July 1, 2012
Special report: Upcoming synod to address evangelization - Evangelization in a changed world -- Don't overlook evangelization opportunities -- What "new evangelization" means - Jesus' evangelization method
In this edition:
1. This fall's new evangelization synod.
2. Evangelization in changed contexts.
3. What "new evangelization" means.
4. Jesus' evangelization method.
5. Bureaucracy and closeness to people.
6. Evangelization in action.
1. This Fall's Synod: New Evangelization
Evangelization represents the everyday work of the church, according to the Vatican Synod Secretariat. It released a working paper June 19 for the next session of the world Synod of Bishops. The paper could prove thought provoking for the church on every level.
The church and each of its parishes need to consider how they look to their own members and others, how they sound and whether they are presenting the church's message in ways that people today, living in a greatly changed world, can understand, the working paper suggests.
Moreover, it says that to evangelize effectively the church must be close to people. For one thing, that means the church needs to assure that excessive bureaucracy does not distance it from those it hopes to reach.
The synod is scheduled to meet Oct. 7-28 in Rome to discuss the new evangelization and the reasons it constitutes an urgent concern for the church.
"Evangelization is not simply one activity among many, but, in the dynamic of the church, evangelization is the energy which permits the church to realize her goal, namely, to respond to the universal call to holiness," the working paper states.
It acknowledges the considerable challenges the church faces when it comes to transmitting faith in a rapidly changing world in which people think and communicate differently than in earlier generations and often do not trust messages communicated to them by others.
Very pointedly, the working paper suggests that the synod should "attempt to discover the underlying reasons why the activities and witness of various church institutions lack credibility when they speak as bearers of the Gospel of God." The upcoming synod, it says, "can assist in raising, in a timely, in-depth manner, an awareness of the seriousness of the challenges we are facing."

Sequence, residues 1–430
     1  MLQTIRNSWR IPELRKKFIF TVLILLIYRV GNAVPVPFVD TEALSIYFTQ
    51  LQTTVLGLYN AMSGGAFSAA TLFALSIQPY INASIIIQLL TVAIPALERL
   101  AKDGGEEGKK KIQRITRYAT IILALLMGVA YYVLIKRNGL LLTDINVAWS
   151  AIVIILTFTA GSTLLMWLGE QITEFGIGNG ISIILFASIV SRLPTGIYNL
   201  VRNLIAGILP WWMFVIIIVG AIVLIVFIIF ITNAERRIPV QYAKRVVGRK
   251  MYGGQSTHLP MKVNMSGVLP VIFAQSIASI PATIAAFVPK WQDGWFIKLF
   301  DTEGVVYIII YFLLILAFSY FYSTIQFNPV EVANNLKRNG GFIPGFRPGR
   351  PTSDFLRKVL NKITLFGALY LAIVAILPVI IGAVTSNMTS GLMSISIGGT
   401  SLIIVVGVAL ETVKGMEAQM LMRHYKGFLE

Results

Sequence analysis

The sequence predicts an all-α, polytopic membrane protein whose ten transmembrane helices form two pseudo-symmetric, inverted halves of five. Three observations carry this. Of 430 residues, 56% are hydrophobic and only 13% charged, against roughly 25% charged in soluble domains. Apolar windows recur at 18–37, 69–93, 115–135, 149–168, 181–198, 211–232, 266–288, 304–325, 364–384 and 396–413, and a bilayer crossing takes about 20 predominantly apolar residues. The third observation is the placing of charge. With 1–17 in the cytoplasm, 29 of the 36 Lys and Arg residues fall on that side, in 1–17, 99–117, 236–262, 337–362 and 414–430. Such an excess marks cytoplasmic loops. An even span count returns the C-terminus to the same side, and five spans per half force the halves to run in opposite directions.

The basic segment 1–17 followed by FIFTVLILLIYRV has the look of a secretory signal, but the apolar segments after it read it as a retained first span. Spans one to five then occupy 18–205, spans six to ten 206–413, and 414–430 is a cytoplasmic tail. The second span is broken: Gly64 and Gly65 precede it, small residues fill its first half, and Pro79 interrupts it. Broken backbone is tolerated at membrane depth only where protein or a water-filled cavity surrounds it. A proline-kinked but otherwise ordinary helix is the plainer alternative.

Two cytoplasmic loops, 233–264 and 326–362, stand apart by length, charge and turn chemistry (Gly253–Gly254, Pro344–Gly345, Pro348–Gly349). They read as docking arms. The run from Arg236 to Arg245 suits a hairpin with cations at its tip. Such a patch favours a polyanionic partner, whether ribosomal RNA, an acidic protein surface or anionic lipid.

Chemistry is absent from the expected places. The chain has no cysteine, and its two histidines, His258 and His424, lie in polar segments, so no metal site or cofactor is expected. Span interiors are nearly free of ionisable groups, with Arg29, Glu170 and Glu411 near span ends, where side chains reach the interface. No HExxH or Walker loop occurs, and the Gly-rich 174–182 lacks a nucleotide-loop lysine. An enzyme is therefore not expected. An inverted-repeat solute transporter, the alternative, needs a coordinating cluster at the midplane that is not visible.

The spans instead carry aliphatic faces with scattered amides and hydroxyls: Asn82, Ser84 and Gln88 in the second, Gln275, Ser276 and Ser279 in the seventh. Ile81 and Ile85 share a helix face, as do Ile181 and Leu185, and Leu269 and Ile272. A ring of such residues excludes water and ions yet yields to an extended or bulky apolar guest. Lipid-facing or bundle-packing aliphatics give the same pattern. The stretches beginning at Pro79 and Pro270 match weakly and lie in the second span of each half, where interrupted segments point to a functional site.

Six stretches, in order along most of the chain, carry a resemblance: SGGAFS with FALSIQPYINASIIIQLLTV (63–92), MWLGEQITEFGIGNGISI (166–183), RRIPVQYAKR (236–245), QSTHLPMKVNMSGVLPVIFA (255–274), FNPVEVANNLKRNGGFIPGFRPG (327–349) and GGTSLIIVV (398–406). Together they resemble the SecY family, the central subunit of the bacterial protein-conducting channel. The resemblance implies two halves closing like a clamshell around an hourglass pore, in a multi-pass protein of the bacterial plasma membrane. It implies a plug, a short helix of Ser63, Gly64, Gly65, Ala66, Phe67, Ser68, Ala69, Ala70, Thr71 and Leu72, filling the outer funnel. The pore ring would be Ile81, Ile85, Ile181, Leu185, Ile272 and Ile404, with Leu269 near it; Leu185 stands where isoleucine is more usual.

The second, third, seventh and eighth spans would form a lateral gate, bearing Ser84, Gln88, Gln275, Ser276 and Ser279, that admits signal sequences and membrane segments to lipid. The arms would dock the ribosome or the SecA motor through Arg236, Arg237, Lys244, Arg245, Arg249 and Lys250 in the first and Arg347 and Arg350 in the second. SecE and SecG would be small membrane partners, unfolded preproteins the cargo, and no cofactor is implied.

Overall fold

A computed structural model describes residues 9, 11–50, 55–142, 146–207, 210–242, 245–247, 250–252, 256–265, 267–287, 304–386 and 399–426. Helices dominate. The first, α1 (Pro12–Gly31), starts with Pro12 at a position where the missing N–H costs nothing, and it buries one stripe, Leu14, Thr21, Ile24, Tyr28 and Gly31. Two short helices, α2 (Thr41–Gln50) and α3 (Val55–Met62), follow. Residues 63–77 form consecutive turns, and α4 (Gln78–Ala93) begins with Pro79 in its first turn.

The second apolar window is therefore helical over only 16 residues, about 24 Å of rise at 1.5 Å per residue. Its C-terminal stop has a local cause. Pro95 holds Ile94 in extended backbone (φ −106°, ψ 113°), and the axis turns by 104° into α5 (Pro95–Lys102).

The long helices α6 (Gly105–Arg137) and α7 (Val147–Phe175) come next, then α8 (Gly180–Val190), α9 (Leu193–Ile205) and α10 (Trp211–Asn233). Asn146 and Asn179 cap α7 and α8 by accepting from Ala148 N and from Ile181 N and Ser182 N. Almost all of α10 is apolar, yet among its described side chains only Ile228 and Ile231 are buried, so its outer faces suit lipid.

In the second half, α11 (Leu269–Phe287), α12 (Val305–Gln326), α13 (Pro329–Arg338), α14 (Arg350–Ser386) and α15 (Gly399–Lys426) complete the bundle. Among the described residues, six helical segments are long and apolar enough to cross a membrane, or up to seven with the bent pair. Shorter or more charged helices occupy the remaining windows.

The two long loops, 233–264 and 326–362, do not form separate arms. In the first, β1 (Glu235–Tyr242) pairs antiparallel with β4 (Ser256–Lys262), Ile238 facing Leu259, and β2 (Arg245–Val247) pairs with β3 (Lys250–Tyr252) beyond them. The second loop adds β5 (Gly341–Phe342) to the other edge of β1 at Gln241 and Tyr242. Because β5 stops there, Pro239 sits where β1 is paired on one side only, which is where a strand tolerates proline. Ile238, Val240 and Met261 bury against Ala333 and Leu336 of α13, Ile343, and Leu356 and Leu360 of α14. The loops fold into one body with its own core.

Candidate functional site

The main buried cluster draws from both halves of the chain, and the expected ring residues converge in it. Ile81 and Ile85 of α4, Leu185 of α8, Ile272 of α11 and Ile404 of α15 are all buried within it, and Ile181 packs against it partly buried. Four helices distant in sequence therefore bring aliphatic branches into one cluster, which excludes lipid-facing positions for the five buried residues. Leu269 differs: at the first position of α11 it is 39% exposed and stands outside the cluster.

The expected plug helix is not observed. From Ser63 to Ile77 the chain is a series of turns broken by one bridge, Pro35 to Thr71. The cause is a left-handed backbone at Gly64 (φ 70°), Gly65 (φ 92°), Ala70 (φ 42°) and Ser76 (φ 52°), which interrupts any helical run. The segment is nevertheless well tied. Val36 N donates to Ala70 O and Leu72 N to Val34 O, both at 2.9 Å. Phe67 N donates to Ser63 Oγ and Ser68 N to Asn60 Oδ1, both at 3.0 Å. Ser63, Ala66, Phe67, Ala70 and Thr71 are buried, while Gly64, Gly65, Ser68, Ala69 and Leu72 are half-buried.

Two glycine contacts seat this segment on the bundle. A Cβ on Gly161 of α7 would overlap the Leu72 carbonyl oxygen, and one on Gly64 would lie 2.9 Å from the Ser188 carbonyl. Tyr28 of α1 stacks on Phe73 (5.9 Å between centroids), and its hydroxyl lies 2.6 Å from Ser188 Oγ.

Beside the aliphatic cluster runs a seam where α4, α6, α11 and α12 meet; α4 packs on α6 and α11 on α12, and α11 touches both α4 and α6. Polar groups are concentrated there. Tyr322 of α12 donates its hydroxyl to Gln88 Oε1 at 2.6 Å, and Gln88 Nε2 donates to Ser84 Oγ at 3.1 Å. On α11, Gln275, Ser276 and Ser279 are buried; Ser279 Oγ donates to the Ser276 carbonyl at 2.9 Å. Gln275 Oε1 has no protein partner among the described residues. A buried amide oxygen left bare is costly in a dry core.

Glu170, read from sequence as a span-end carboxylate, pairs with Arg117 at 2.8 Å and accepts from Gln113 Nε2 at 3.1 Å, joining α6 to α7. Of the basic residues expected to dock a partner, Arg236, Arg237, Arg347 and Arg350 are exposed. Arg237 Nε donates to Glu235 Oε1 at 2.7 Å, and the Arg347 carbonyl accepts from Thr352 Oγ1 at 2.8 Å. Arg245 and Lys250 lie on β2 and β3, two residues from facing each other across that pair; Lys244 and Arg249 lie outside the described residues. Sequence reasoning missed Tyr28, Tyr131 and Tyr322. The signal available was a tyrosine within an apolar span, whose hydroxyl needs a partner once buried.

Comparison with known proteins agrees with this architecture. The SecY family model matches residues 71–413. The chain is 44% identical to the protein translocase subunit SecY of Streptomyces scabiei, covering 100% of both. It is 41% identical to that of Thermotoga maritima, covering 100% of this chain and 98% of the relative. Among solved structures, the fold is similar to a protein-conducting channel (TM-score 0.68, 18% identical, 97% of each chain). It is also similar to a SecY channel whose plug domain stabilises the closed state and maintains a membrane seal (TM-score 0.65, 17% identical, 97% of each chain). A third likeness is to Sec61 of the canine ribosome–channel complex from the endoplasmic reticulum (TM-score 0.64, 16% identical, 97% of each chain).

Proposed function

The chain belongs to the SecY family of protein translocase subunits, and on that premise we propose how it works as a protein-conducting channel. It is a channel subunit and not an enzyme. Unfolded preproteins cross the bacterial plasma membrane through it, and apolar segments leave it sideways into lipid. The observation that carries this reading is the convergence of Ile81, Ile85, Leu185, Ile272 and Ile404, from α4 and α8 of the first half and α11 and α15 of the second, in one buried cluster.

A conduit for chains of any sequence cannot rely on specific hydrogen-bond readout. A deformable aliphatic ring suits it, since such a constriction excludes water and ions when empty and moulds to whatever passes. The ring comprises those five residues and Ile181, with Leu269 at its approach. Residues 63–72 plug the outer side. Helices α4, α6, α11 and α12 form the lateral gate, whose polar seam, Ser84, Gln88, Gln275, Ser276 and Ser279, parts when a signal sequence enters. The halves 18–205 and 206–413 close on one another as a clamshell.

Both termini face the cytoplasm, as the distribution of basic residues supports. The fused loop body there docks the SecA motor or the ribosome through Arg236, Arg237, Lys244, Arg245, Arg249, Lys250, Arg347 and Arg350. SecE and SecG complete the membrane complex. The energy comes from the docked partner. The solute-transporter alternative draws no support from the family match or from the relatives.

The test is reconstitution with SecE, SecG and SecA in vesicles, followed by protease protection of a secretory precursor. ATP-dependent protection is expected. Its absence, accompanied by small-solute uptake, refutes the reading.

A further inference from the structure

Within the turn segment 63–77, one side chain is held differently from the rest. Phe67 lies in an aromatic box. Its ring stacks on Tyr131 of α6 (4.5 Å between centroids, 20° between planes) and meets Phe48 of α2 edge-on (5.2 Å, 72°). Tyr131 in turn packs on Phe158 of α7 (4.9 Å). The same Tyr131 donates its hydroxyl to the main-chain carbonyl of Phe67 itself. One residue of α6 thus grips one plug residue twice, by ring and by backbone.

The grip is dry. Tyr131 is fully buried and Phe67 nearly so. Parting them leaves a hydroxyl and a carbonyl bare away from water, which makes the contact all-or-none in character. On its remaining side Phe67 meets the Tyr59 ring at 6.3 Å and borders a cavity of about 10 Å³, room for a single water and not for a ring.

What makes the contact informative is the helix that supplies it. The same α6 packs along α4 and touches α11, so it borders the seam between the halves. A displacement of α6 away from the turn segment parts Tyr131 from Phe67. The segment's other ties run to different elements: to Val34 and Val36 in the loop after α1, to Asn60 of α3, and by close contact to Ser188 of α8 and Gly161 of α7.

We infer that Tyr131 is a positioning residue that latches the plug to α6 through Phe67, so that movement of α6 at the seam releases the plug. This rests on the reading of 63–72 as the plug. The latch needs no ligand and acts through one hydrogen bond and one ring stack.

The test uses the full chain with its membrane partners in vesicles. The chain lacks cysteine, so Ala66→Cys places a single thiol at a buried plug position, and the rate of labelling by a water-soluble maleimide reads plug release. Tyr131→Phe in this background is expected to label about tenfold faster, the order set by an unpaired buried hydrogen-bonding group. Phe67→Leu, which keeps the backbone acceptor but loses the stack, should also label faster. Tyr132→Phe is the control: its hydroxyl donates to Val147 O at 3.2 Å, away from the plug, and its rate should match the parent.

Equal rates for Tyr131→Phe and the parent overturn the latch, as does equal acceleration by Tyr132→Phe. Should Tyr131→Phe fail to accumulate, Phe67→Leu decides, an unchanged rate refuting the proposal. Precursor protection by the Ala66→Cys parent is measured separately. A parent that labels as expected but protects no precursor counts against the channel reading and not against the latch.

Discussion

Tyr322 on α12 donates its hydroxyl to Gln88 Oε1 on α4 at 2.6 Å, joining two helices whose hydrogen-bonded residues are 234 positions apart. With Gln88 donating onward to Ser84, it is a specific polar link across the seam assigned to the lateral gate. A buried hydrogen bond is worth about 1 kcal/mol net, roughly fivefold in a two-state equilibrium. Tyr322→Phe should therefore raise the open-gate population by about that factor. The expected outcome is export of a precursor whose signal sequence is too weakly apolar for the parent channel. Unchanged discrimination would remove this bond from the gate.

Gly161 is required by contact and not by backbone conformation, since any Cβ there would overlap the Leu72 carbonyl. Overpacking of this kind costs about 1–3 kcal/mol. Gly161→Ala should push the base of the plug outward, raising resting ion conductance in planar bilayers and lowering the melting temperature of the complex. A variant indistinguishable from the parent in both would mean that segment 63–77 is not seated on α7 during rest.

Some who sent recommendations to the Synod Secretariat urged that care be taken to assure that people today recognize holiness as a contemporary possibility and not be left to think it is something confined to past heroes of the faith.
It is vital that hearers of the church's message see that "the Christian faith is not simply teachings, wise sayings, a code of morality or a tradition," the working paper comments. After all, "the Christian faith is a true encounter and relationship with Jesus Christ."
To transmit the faith "means to create in every place and time the conditions which lead to this encounter between the person and Jesus Christ," it states. In fact, it says "the goal of all evangelization is to create the possibility for this encounter, which is, at one and the same time, intimate, personal, public and communal."
This fall's synod assembly is "expected to be not only a source of encouragement but also the place to compare experiences and share observations on situations and approaches for action" in the fields of the new evangelization, the working paper says.
It observes that "generally speaking, all Christian communities need a new evangelization" -- need renewal, conversion -- simply because they are "engaged in a pastoral ministry which seems increasingly difficult to exercise and which is in danger of becoming a routine matter, and thus little able to communicate its original intent."
The working paper calls the church "an evangelizer," but adds that the church "begins by being evangelized herself."
An assembly of the world Synod of Bishops is held about every three years. Though the most recent general assembly was in 2008, in 2009 a special Synod for Africa took place in Rome.
Prior to each assembly the secretariat releases a working paper. The paper collects and shares suggestions from bishops' conferences, church leaders, communities and others throughout the world in response to questions posed in an earlier synod document known as the "Lineamenta."
2. . . . Evangelization in a Changed Context